Fire Rush, the new novel by Jamaican-British writer Jacqueline Crooks, centers around Yamaye, a young woman who suffered domestic abuse and is now searching for a connection, one she finds in London’s reggae dance scene of the 1970s and '80s. It’s steeped in the author’s real-life experiences.

The dances happened late at night, midnight to dawn, often below ground; these were hidden nocturnal spaces inhabited by our community, migrants who didn’t have places of belonging in mainstream society,” she shares. “As a young woman in this underworld, I’d found a space of freedom and creative expression through music, dance and fashion, and experienced the exhilaration of a new sense of agency over my mind and body…There were dangers within that world, but I continued to inhabit it because of the draw of the music and its transformative power.”

Yamaye is also searching for a literal connection to home. As she sets out to uncover the truth about her mother’s disappearance, she returns to her homeland of Jamaica, which parallels Crooks' own search in her younger years.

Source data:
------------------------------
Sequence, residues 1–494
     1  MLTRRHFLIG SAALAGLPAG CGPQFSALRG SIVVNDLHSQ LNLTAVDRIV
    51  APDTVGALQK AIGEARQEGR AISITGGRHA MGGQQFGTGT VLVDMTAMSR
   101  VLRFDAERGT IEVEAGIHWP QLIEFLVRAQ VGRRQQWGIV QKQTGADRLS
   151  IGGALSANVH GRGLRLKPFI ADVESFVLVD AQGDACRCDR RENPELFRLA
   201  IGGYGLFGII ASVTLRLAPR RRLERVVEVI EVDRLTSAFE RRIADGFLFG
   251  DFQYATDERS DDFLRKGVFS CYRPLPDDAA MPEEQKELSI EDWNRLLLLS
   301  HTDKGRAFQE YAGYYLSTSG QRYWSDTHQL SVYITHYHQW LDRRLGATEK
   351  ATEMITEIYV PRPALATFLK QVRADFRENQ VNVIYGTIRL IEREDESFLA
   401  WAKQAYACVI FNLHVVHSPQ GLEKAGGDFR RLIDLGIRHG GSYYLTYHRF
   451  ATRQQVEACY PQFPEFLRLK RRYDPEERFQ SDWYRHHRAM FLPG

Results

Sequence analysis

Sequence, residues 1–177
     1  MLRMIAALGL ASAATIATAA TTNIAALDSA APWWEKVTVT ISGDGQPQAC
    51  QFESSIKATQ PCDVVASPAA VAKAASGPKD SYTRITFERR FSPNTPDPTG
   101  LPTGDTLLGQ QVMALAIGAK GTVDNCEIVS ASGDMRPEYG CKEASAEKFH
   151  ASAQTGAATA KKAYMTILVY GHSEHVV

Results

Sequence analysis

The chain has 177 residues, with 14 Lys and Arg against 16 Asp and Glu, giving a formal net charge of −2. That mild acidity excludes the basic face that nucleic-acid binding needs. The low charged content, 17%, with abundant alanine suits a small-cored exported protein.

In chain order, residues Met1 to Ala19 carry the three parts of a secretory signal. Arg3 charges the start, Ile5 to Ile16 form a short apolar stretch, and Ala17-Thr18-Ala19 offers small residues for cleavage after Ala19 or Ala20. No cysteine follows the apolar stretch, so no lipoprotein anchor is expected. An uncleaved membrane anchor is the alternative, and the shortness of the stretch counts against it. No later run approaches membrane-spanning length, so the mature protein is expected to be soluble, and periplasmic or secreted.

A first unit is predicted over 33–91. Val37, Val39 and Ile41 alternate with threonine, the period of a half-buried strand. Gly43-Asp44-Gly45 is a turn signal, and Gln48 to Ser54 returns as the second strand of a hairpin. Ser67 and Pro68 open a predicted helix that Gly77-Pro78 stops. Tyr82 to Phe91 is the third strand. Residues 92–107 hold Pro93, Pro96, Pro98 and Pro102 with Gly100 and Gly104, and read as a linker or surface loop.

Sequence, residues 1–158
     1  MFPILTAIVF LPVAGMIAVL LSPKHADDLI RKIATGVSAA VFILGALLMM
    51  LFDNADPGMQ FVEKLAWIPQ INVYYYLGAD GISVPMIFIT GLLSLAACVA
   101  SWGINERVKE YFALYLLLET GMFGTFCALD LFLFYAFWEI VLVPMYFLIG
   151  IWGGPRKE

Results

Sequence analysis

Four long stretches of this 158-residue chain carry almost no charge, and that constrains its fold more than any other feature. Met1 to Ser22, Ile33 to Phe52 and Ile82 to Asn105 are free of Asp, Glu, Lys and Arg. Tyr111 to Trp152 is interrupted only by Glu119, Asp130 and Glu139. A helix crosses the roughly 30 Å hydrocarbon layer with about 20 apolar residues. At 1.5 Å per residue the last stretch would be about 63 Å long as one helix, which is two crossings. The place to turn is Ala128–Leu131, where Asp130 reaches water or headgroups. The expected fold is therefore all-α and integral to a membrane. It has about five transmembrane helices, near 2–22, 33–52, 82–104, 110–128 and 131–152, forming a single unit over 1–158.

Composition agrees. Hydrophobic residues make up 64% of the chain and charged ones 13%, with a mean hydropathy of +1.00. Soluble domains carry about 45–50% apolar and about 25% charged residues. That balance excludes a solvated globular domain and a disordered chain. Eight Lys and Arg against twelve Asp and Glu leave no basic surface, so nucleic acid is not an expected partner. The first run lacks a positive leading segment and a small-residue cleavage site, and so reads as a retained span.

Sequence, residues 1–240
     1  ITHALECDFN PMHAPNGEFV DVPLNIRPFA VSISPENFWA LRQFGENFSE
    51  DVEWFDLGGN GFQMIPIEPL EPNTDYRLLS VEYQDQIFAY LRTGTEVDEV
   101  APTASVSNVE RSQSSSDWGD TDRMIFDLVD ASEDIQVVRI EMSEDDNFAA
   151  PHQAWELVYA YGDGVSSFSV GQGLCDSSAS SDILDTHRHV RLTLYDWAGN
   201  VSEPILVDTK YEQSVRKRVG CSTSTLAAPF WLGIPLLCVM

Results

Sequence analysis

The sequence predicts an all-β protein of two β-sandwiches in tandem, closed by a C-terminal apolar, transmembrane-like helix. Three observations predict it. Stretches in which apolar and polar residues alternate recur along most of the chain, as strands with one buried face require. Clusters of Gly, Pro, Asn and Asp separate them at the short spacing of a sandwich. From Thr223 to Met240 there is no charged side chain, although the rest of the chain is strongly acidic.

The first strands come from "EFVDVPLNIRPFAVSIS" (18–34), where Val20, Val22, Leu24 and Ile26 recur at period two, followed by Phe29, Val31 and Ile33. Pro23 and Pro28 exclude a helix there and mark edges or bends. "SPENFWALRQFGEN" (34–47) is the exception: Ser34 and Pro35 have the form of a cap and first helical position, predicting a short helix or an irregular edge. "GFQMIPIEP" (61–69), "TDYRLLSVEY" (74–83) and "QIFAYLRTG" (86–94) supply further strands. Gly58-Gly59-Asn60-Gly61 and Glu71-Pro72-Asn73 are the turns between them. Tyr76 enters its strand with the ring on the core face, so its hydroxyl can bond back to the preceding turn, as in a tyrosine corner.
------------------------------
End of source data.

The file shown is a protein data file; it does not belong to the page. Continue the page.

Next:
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Fire Rush
Jacqueline Crooks (Viking, April 2023)

Price: $22

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"As a migrant, it was my own yearning for a place of belonging that led me to explore the push and pull of home," she shares. “I grew up with different families: with my grandmother in early childhood; and later with my mother, her husband and their children. Because of these experiences, it is hard for me to feel a sense of belonging. I always feel positioned on the outside of things. But I think this is advantageous as a writer. In my work, it has led me to explore the search for home across diverse landscapes and settings—whether that be interiors of the mind, liminal space or temporal terrains.”

Inspired by her own experiences, Crooks has worked with children who have lost their maternal caretaker. “And I have run a children and families charity working with children,” she tells EBONY. Now, the author is prepped to take an even bigger step into caring for a child. “I am currently in the process of applying to be a foster parent,” she reveals.

Crooks felt the call to write Fire Rush because she was, “fascinated by the politics of invisibility surrounding that subculture, which was supra-watt loud but unseen and unheard,” she shares. “I wondered what had happened to the people I used to dance with. I was struck that not many people knew of its existence, and I couldn’t find any works of fiction written by women about that subculture. I wanted to capture what I knew of it from a feminist perspective, to represent a woman’s experiences in what was a very male-dominated world.”

For those who join Yamaye on her journey, Crooks hopes readers will take an interest in dub-reggae and the subculture of that time. But more importantly, "I hope it will make women explore their rage and ask themselves questions about what they do with it and how they can transmogrify it, possibly into something artistic."